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Found 6 results

  1. Celiac.com 02/01/2018 - To make a clinical diagnosis of celiac disease, doctors use serological testing for IgA antibodies to human tissue transglutaminase (anti-tTG) which indicate celiac disease autoimmunity. However, some tests are more highly sensitive for anti-tTG, while other tests are highly specific. So, is combining two tests a reliable strategy for screening for celiac disease in clinical practice? A team of researchers recently compared the performance of three kits used to diagnose celiac disease, and evaluated the point prevalence of celiac disease autoimmunity in a South Indian urban population. The research team included G Venugopal, J Mechenro, G Makharia, A Singh, S Pugazhendhi, R Balamurugan, and BS Ramakrishna. They are variously associated with the SRM Institutes for Medical Science, Jawaharlal Nehru Salai, Vadapalani in Chennai, India, the SRM Medical College Hospital and Research Centre, Kattankulathur, India, the All India Institute of Medical Sciences, Ansari Nagar, New Delhi, India, the Kansas University Medical Center, Kansas City KS, USA, the Indian Institute of Technology, Samantapuri, Bhubaneswar, India, the SRM Institutes for Medical Science, Jawaharlal Nehru Salai, Vadapalani, Chennai, India, and with the SRM Medical College Hospital and Research Centre, Kattankulathur, India. For the first part of their study, the team performed anti-tTG testing on sera from 90 patients with documented celiac disease and 92 healthy controls using three different kits. They then tested one thousand nine hundred and seventeen healthy adults residents of the Vellore and Kancheepuram districts for celiac disease autoimmunity using a sequential two-test strategy. Based on these results, the team suggests that using first a highly sensitive test for anti-tTG followed by a highly specific test is a reliable strategy for screening for celiac disease in clinical practice. Source: Indian J Gastroenterol. 2017 Dec 22. doi: 10.1007/s12664-017-0803-z.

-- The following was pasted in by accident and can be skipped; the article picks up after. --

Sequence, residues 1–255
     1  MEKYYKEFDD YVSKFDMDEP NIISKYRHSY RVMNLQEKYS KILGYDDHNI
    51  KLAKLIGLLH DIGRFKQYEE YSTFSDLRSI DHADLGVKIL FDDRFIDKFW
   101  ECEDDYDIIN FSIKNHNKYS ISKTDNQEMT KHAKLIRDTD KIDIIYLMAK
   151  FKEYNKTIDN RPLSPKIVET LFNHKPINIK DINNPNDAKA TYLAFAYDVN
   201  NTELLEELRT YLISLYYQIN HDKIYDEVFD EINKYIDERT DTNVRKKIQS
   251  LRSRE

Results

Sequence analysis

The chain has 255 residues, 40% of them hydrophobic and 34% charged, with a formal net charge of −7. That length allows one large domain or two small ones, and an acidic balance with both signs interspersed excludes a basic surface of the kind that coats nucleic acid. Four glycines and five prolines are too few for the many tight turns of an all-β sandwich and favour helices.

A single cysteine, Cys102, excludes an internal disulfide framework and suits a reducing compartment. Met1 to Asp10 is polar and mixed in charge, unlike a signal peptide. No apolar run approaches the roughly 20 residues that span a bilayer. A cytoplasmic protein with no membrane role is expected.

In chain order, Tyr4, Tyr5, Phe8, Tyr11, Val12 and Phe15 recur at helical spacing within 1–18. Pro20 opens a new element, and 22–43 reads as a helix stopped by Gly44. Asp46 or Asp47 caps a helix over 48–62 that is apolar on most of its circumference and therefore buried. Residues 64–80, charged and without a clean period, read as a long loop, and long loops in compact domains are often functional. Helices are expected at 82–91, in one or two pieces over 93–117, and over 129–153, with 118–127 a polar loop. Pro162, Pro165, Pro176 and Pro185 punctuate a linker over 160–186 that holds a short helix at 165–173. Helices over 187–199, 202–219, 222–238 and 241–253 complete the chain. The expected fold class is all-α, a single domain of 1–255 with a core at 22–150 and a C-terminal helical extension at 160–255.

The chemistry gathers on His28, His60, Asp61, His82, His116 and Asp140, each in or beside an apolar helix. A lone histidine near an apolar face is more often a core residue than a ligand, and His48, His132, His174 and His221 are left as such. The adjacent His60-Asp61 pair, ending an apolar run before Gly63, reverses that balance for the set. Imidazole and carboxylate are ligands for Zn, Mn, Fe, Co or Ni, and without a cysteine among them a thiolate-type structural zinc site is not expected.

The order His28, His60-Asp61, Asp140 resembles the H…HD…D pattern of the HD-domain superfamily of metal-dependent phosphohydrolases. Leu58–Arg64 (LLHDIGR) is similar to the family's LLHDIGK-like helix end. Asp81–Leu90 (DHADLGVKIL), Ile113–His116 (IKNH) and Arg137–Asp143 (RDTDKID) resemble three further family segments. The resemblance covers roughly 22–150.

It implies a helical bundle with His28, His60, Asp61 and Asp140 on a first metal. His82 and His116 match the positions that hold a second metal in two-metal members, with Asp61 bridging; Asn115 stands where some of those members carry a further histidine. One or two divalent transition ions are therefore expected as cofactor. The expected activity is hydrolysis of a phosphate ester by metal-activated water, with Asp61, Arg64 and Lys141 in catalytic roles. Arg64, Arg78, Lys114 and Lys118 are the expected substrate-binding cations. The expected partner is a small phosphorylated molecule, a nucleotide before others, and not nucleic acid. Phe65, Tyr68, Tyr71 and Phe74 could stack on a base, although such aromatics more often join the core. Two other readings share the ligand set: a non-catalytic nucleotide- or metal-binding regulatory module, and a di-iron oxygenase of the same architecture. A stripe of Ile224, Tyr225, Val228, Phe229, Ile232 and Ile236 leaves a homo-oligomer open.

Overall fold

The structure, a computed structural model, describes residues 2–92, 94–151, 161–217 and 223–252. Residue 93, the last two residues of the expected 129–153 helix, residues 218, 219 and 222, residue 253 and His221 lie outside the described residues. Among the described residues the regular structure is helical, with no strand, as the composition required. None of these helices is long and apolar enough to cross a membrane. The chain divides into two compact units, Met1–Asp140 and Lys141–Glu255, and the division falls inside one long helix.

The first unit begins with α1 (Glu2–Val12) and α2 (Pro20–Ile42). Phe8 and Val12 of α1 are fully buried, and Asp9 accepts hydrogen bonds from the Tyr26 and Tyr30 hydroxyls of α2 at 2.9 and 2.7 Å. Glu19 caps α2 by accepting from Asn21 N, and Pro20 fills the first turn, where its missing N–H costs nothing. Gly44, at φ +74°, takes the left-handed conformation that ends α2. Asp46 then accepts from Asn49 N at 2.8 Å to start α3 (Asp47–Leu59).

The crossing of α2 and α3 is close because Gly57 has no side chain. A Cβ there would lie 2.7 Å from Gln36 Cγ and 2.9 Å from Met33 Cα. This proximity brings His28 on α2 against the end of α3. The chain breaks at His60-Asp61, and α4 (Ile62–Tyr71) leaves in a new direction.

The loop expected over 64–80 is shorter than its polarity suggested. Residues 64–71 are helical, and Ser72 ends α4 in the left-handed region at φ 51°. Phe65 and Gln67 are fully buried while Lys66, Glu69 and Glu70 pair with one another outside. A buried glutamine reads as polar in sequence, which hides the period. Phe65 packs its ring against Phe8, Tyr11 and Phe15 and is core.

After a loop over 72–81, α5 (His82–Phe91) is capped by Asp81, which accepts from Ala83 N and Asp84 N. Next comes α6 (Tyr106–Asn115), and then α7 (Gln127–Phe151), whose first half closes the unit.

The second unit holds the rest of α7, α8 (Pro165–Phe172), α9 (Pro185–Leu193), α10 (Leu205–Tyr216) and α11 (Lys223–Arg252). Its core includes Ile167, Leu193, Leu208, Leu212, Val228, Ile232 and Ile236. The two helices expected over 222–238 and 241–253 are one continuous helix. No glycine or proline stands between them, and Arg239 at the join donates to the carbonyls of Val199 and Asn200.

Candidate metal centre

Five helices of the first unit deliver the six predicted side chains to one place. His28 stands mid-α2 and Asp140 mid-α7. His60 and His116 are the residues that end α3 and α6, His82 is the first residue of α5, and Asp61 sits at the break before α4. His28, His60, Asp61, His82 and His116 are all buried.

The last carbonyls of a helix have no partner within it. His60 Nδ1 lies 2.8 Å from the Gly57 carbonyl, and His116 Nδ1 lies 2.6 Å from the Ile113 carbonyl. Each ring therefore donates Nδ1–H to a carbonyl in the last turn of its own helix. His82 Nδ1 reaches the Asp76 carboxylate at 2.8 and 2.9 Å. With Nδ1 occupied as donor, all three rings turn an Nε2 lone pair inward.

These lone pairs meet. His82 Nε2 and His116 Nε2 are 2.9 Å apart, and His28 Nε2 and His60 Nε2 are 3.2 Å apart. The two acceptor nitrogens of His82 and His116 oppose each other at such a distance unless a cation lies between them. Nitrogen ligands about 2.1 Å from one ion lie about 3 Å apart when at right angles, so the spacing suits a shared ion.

2. Celiac.com 08/21/2017 - Can a tiny Virginia start-up change the world with a cheap, reliable devise to test food for gluten on the fly? With their startup called Altede, Ed and Anna Champion, together with business partner Briana Petruzzi, hope to build quick, cheap tests for all sorts of food allergens. Their first target is gluten. Altede is looking to develop a test that is reliable, sensitive to FDA levels of 20ppm gluten, costs less than $5 and could be performed within a couple of minutes while sitting at a restaurant table. The Altede team doesn't expect anyone to test everything they eat. But those with severe gluten intolerance might find peace of mind in a pinch. "We really want to keep the cost low. We think that's going to be critical," says Ed Champion. "You know, $15 and you're not going to do it. It's going to be too painful. But $3 or $5…what's your afternoon worth?" Altede has developed an antibody that they grow inside of and later extract from mice, a technique also used by pregnancy test manufacturers. The antibody is specially engineered to latch onto protein molecules inside gluten. A user like Anna Champion would carry the kit, which is about the size of a pack of M&M's. When she comes across a food she wants to eat but suspects may make her sick, she puts a pea-sized sample into a liquid container that comes inside the pouch. She would shake it up and then dip the test strip. The liquid would creep along the paper, passing a stripe of the antibodies Altede designed. If gluten is present, the antibodies will latch on to the proteins, accumulate on the paper and produce a visible pink line. So far, their prototype device can detect small amounts of gluten. The prototype looks and operates just like a pregnancy test. But the test currently takes hours, instead of minutes. Ed Champion says that tweaks to the chemistry will provide quicker results, though there are still a number of technical challenges to overcome. But after two years of development, Champion says the team is getting close. To help the, prepare their portable gluten tester for a product launch, Altede recently enrolled in the first cohort of RAMP, Roanoke's business accelerator, and received a $50,000 grant from the state's Commonwealth Research Commercialization Fund. Once the company can quickly and reliably test for gluten, it will use the same technology to build tests for a number of different food allergens. Champion has invested more than $30,000 in the venture to date. He supplies the business knowledge for the company, while Anna Champion, a Virginia Tech researcher, and Petruzzi, a Ph.D. student, are the scientific brains behind the operation. Stay tuned for updates on Altede and their efforts to build a better gluten test.